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Sinners in the Hands of an Angry God

by Jonathan Edwards

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In "Sinners in the Hands of an Angry God," how does Jonathan Edwards personalize hell?

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Edwards's use of the word "you" throughout his sermon is the main way he personalizes hell for his audience—but even more so are the ways in which he describes it using vague, yet somehow descriptive, terms.

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Edwards's use of the word "you" throughout his sermon is the main way he personalizes hell for his audience—but even more so are the ways in which he describes it using vague, yet somehow descriptive, terms.

Take, for example, this section:

Your wickedness makes you as it were heavy as...

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lead, and to tend downwards with great weight and pressure towards hell; and if God should let you go, you would immediately sink and swiftly descend and plunge into the bottomless gulf.

His description of God and of hell as a "bottomless gulf" both captivate and strike a sense of doom into his audience. Because of Edwards's language, the listeners can easily see themselves in this scenario; however, that isn't the only reason. Edwards doesn't describe a specific "wickedness." By saying "your wickedness," he's allowing each member of the audience to imagine their own wrongdoings, their own wicked abilities, which lets them put themselves into this situation.

His vague yet descriptive language allows them to vividly see themselves plunging into hell. The same can be said for this section:

And there is no other reason to be given, why you have not dropped into hell since you arose in the morning, but that God’s hand has held you up. There is no other reason to be given why you have not gone to hell, since you have sat here in the house of God, provoking his pure eyes by your sinful wicked manner of attending his solemn worship.

Every person in his audience woke up this morning and can relate, whether they expected to go to hell or not, to the fact that they did not descend into hell overnight. Edwards again does not specify the members' "sinful wicked manner," only lets them imagine and recall what has gone through their heads or what they have done that may provoke the pure eyes of God.

A lot of this personalization does stem from Edwards's use of the word "you," but it's largely because of the "you" combined with his lack of specificity that makes the each member of the audience feel as if this sermon is written for them.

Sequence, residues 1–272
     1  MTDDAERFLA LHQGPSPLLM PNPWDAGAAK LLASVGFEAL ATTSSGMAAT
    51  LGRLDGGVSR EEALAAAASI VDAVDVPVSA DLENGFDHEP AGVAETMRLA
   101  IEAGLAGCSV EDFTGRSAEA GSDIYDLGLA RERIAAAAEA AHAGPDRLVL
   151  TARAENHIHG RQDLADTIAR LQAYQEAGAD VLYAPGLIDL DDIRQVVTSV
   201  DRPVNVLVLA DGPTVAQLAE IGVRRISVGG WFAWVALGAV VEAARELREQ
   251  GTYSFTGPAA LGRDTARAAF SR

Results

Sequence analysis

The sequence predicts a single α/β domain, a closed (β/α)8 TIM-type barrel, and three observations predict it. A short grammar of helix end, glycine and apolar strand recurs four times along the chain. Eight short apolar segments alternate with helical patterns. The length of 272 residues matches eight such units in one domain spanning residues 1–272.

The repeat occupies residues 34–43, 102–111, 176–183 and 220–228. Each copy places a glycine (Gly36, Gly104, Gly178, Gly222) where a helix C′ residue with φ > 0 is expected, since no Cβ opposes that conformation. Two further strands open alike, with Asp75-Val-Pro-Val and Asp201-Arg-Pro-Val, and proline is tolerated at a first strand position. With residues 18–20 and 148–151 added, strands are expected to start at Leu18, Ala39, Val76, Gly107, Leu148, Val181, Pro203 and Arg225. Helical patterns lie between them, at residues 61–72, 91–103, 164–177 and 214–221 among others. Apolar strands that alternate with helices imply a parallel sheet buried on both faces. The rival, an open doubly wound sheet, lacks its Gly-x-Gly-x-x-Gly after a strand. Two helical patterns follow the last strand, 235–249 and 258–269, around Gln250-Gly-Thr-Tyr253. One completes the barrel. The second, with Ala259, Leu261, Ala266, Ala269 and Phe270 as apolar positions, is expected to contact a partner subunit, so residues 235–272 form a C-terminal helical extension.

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The bulk of Edwards's 1741 sermon proclaims that God is entirely disgusted with sinners and stands ready to damn them to hell. He uses the personal pronoun "you" copiously to speak directly to those hearing him preach, as when he warns,

there is the dreadful pit of the glowing flames of the wrath of God; there is hell’s wide gaping mouth open; and you have nothing to stand upon, nor any thing to take hold of, there is nothing between you and hell but the air; it is only the power and mere pleasure of God that holds you up.

Hell is personified with a mouth waiting to gobble up the souls of the unrepentant. Edwards intends to strike enough terror in the minds of his listeners to bring lapsed Christians back to their faith and convert the unconverted. His sermon is an epic, mass accusation that seeks to speak directly to sinners; he counsels each of them to "consider the fearful danger you are in."

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How does Jonathan Edwards compare and contrast Heaven and Hell in his sermon "Sinners in the Hands of an Angry God"?

The fire and brimstone sermon by Jonathan Edwards is meant to throw fear into the hearts of those wayward Puritans- of his congregation, for as Ralph Waldo Emerson wrote, "Fear is an instructor of great sagacity and the herald of all resolutions." Paradoxically, Edwards was a Calvinist who believed in predestination, yet he also believed people are responsible for their actions. And, so, he preaches a sermon that is replete with fear-inspiring imagery.

The prevailing image of this sermon is the image of the bottomless pit of hell whose fiery floods wax high enough to burn the gossamer thread that holds the unworthy souls who are weighted down with wickedness in the first place. Edwards speaks in hyperbole: "the floods of God's vengeance"; "the fiery floods of fierceness"; the bow of God's wrath is bent, and the arrow made ready on the string and justice bends the arrow at your heart."

This frightening sermon of Edwards is constructed around a passage from Deuteronomy in the Old Testament of the King James Version of the Bible: "The foot shall slide in due time."  Using the metaphor of a slippery slide, Edwards, at a revival where his famous sermon was given, points to the dangers of spiritual sliding.  The yawning abyss waits for the sinners, whose wickedness makes them "heavy as lead," and only the "mere pleasure" of God keeps them from burning in the images of "fiery floods" and "fire of wrath."  Especially, the image of the sinner held over the fires of hell by only a gossamer thread is effectively fear-inspiring as many Puritans fled in fear from Edwards's revival.

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